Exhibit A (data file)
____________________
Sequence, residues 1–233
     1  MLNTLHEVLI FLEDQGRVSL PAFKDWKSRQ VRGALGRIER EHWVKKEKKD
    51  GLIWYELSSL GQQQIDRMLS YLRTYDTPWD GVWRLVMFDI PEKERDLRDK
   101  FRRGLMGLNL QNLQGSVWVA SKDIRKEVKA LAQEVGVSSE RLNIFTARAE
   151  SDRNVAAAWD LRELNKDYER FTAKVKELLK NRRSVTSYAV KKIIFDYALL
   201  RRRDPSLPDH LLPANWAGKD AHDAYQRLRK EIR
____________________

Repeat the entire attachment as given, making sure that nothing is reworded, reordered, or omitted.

Sequence, residues 1–233
     1  MLNTLHEVLI FLEDQGRVSL PAFKDWKSRQ VRGALGRIER EHWVKKEKKD
    51  GLIWYELSSL GQQQIDRMLS YLRTYDTPWD GVWRLVMFDI PEKERDLRDK
   101  FRRGLMGLNL QNLQGSVWVA SKDIRKEVKA LAQEVGVSSE RLNIFTARAE
   151  SDRNVAAAWD LRELNKDYER FTAKVKELLK NRRSVTSYAV KKIIFDYALL
   201  RRRDPSLPDH LLPANWAGKD AHDAYQRLRK EIR